Document Detail


Brachiocephalic reconstruction II: operative and endovascular management of single-vessel disease.
MedLine Citation:
PMID:  16012452     Owner:  NLM     Status:  MEDLINE    
Abstract/OtherAbstract:
OBJECTIVE: Although the surgical management of brachiocephalic disease is well established, evolving endovascular techniques present new options for treatment. We explored the potential benefits and drawbacks of these interventions in terms of outcome.
METHODS: From 1966 to 2004, 391 consecutive patients (43.7% male; mean age, 61.9 years) with single-vessel brachiocephalic disease were treated with either operative bypass (group A; n = 229) or percutaneous transluminal angioplasty and stenting (group B; n = 162).
RESULTS: All patients were asymptomatic after surgery or endovascular intervention. Group A and group B had similar operative mortality (0.9% vs 0.6%) and stroke (1.3% vs 0%) rates. However, 5 years after the procedure, group A had significantly better freedom from graft or intervention failure (92.7% +/- 2.1%) than did group B (83.9% +/- 3.7%; P = .03, Kaplan-Meier analysis; P = .001, Cox regression analysis). At 10 years, group A had the following rates of actuarial freedom from specific events: death, 73.7% +/- 4.6%; myocardial infarction, 84.2% +/- 3.6%; stroke, 91.4% +/- 3.4%; graft failure, 88.1% +/- 3.3%; coronary revascularization, 69.8% +/- 5.1%; and other vascular operation, 70.7% +/- 4.6%. Endovascular intervention involved less initial cost (mean savings, $8787 per procedure), was less invasive, and did not necessitate general anesthesia. On satisfaction questionnaires, 96.5% of patients receiving an endovascular intervention and 95.1% of patients receiving operative bypass for single-vessel brachiocephalic disease subjectively rated their treatment as "good" or "very good."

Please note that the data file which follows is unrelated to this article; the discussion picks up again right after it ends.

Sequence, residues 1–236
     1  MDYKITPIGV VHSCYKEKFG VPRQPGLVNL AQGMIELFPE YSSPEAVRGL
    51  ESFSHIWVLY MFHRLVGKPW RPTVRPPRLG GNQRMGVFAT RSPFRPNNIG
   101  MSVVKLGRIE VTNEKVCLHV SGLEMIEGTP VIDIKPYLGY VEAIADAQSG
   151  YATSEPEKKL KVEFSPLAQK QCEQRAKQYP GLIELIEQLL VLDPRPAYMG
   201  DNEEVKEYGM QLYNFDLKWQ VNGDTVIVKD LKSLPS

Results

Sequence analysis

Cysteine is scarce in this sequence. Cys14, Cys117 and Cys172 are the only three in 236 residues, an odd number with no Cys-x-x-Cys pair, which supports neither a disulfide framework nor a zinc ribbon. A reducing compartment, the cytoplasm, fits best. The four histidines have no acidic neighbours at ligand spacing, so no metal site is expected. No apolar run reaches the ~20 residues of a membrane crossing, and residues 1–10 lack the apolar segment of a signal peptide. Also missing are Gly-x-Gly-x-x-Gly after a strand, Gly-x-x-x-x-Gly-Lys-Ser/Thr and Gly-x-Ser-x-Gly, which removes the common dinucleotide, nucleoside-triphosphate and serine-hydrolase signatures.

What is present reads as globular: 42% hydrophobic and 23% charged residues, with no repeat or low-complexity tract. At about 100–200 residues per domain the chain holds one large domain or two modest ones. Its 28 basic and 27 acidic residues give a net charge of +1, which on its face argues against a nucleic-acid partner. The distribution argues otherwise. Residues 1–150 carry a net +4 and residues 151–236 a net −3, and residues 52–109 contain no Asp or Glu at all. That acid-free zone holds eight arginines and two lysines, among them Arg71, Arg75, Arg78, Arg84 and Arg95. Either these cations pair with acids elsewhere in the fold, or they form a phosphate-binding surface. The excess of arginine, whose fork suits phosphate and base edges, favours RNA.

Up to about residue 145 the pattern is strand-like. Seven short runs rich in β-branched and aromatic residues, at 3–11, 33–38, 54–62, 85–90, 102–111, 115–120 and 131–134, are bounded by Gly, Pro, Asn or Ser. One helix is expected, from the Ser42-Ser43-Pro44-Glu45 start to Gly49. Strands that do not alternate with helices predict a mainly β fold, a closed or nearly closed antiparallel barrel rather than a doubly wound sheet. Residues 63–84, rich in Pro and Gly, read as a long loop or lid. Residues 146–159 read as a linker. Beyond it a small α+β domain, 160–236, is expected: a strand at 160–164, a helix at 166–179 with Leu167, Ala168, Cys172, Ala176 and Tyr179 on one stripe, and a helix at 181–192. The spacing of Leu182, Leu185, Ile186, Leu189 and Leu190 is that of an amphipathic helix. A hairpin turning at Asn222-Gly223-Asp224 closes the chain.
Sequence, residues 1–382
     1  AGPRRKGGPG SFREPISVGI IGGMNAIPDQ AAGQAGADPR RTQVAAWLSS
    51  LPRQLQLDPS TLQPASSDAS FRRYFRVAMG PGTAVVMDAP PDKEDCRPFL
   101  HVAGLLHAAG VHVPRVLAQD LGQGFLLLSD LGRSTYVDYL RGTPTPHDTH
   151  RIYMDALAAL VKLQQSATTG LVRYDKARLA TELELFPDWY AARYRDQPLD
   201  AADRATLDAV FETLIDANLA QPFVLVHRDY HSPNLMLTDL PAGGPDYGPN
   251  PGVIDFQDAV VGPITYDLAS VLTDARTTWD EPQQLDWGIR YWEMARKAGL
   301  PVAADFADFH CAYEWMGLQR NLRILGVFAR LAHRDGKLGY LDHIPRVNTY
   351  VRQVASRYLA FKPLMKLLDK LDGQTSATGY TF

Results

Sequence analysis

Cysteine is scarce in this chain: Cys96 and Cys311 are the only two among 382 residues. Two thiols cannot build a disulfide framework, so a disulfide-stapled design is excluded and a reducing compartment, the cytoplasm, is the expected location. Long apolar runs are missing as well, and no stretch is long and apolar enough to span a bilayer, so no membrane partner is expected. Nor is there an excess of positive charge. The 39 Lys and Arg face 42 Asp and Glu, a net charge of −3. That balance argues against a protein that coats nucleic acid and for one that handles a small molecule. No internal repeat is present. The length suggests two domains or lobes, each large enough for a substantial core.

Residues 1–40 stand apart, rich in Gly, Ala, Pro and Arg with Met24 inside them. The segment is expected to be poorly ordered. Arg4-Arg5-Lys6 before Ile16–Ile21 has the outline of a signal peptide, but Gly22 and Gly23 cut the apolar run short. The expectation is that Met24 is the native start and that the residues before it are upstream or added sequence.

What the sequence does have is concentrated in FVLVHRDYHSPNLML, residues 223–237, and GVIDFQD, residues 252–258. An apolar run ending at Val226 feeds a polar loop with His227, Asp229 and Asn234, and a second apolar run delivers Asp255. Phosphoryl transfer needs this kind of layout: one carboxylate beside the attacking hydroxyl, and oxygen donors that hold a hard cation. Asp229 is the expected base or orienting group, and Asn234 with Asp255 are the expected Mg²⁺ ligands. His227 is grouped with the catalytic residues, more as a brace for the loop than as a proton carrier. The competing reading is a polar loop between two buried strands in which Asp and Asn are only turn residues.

CONCLUSIONS: Operative bypass and endovascular intervention for single-vessel brachiocephalic disease are both associated with acceptably low operative morbidity and mortality. Operative bypass produces significantly better mid-term freedom from graft or intervention failure than endovascular intervention and produces excellent long-term freedom from failure. Endovascular intervention offers tangible benefits regarding cost, level of invasiveness, and subjective patient satisfaction. Undetermined are the differences between the procedures regarding long-term durability, patterns of failure, efficacy as an adjunct to coronary artery bypass grafting, need for anticoagulation, efficacy as treatment for complex (multivessel) disease, and long-term cost.
Authors:
Thomas J Takach; J Michael Duncan; James J Livesay; Zvonimir Krajcer; Roberto D Cervera; Igor D Gregoric; David A Ott; O H Frazier; George J Reul; Denton A Cooley
Publication Detail:
Type:  Journal Article    
Journal Detail:
Title:  Journal of vascular surgery     Volume:  42     ISSN:  0741-5214     ISO Abbreviation:  J. Vasc. Surg.     Publication Date:  2005 Jul 
Date Detail:
Created Date:  2005-07-13     Completed Date:  2005-08-04     Revised Date:  2012-10-03    
Medline Journal Info:
Nlm Unique ID:  8407742     Medline TA:  J Vasc Surg     Country:  United States    
Other Details:
Languages:  eng     Pagination:  55-61     Citation Subset:  IM    
Affiliation:
Department of Cardiovascular Surgery, Texas Heart Institute, Houston, 77225, USA.
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MeSH Terms
Descriptor/Qualifier:
Adult
Aged
Aged, 80 and over
Angioplasty, Balloon*
Brachiocephalic Veins
Female
Humans
Life Tables
Middle Aged
Reconstructive Surgical Procedures
Stents
Treatment Outcome
Vascular Patency
Vascular Surgical Procedures*

From MEDLINE®/PubMed®, a database of the U.S. National Library of Medicine


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